Generative AI is a climate disaster

Tech companies are abandoning emissions pledges to chase AI market share

Generative AI is a climate disaster
Photo: Unsplash/Patrick Hendry

Remember a couple years ago when everyone was talking about how Bitcoin alone was using as much energy as a medium-sized country to enable rampant speculation and financial scams? The demand was so high in some jurisdictions that it was keeping fossil-fuel power plants from being taken offline, and even reactivating some defunct polluting generation infrastructure. Crypto’s environment toll was rightfully seen as unconscionable to many people following the industry. But the generative AI boom is taking it to a whole new level.

Since the launch of ChatGPT in December 2022, the entire tech industry has reoriented itself to try to get a boost from the interest in generative AI and many sectors beyond have pretended they’re doing something with artificial intelligence (AI) too in the hopes of increasing their share price. But if there are any winners from the AI hype, it’s the companies running the data centers — especially Microsoft, Google, and Amazon — and those making the chips that power it all. Nvidia is the standout example in that category, given its ascent to become one of the most valuable publicly traded companies in the world and the questions that’s prompted about the AI bubble.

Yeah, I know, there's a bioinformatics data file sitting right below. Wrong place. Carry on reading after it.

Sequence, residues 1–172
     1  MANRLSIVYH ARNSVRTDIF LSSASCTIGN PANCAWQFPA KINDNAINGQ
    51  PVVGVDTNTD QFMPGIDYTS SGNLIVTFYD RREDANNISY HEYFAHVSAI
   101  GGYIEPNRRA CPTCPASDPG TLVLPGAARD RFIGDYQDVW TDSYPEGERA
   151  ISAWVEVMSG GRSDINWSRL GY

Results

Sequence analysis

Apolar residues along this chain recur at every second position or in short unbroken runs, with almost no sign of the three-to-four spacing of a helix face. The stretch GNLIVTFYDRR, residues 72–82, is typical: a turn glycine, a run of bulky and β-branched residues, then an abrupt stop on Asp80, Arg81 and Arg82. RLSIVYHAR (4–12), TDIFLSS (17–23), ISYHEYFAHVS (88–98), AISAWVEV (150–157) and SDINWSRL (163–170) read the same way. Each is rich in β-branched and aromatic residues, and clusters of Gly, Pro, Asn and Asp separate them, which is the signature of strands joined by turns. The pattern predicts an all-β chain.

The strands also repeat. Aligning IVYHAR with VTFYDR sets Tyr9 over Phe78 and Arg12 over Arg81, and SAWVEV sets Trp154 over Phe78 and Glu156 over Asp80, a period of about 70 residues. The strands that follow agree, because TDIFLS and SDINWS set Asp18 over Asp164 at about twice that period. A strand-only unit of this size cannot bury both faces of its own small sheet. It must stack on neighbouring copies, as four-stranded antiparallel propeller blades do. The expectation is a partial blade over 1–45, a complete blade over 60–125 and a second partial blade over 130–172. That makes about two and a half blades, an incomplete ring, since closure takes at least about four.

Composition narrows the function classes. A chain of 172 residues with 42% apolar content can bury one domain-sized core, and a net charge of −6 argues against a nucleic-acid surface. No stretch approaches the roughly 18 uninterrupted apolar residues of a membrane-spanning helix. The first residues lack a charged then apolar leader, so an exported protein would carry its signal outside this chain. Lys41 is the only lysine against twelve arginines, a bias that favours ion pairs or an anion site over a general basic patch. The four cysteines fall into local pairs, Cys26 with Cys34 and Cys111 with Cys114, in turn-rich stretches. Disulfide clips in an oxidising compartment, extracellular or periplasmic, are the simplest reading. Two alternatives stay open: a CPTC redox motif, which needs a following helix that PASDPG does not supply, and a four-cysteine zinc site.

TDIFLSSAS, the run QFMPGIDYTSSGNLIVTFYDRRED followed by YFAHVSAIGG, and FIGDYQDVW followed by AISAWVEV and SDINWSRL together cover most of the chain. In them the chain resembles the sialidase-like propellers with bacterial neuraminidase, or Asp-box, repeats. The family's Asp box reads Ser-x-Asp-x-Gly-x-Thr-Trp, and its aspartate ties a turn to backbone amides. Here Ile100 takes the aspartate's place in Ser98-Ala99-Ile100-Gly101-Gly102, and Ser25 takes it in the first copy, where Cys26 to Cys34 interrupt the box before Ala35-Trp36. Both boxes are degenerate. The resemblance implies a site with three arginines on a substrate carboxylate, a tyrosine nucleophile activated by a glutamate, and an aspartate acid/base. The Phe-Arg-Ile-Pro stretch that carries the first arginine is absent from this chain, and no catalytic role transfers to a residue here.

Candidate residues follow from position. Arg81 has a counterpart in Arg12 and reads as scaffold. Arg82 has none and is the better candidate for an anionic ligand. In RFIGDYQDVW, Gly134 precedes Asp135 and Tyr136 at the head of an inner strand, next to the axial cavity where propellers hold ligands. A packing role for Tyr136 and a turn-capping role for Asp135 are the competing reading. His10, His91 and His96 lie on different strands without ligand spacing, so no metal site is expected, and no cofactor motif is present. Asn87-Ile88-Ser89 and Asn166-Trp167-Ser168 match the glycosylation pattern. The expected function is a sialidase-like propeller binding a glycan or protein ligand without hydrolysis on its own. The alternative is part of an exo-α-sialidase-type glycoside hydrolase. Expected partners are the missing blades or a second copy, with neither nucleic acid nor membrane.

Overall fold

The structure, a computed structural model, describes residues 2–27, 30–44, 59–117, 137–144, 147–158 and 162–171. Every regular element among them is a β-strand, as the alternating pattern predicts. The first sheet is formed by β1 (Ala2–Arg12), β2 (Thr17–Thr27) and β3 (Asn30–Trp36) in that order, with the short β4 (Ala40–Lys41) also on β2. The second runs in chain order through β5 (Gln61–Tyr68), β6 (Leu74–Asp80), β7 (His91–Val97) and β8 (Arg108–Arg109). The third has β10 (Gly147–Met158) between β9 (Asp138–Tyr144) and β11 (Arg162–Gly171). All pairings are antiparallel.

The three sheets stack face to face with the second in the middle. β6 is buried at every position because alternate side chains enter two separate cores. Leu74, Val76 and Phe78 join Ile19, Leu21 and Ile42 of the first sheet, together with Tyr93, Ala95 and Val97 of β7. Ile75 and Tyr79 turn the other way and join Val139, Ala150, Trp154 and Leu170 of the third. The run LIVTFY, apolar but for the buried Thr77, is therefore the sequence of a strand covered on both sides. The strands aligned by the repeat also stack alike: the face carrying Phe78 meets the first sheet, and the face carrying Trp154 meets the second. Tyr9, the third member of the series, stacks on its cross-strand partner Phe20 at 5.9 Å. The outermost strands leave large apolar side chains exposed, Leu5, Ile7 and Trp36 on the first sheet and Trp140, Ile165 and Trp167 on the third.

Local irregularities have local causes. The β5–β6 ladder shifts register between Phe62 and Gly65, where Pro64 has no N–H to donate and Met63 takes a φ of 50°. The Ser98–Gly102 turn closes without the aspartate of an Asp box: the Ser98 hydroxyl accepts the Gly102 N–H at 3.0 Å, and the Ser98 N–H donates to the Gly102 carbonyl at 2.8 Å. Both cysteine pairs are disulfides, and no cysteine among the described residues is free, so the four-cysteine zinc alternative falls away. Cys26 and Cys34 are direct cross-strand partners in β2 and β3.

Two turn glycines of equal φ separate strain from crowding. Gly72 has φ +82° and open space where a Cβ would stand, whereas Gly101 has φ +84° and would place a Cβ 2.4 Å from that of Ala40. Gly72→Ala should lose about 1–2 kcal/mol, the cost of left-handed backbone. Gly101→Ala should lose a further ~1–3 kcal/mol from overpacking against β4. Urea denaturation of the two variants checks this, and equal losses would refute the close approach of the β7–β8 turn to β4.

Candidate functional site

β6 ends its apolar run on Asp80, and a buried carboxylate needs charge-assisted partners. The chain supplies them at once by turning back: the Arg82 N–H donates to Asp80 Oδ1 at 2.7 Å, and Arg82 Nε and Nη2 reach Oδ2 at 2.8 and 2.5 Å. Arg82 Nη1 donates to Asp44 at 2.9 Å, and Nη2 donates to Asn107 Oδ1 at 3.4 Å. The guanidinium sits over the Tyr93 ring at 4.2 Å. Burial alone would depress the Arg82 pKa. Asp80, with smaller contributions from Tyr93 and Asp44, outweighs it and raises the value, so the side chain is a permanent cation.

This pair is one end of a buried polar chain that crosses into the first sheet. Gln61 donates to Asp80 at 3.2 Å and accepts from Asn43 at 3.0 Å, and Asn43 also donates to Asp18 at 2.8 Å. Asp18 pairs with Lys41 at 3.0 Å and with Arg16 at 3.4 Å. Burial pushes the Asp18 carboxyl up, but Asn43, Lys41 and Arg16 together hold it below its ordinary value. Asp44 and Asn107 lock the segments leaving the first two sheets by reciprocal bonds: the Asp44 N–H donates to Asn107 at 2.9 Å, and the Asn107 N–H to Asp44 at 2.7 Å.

All those generative AI tools are incredibly computationally intensive, which means they require a lot of dedicated hardware within massive hyperscale data centers owned by the cloud oligopoly, and all that computing power requires a immense amount of water and electricity to keep it running. If you’ve followed tech investment news over the past year, you’ve been seeing the effect of that as Microsoft, Google, and Amazon have dropped billions of dollars every few weeks on new communities around the world for new data center projects.

AI’s soaring resource demands

Some of those projects are far from operational, but we’re already starting to get concrete numbers that put the toll of this expansion of computation into context. Earlier this week, Google revealed that its emissions have increased by 48% in just five years, despite its previous promises to hit net-zero emissions by 2030. Much of that increase is driven by its push to accelerate AI deployment. The picture is much the same at Microsoft.